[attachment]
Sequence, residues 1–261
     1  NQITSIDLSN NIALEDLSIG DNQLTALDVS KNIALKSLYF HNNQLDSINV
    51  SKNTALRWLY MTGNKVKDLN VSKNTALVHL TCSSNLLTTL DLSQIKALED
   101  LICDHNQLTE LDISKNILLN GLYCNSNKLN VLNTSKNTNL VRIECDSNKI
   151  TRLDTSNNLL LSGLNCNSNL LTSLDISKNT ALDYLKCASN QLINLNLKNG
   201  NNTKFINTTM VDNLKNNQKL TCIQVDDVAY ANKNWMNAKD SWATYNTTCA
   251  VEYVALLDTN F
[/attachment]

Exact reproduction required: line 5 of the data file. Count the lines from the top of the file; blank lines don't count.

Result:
   151  TRLDTSNNLL LSGLNCNSNL LTSLDISKNT ALDYLKCASN QLINLNLKNG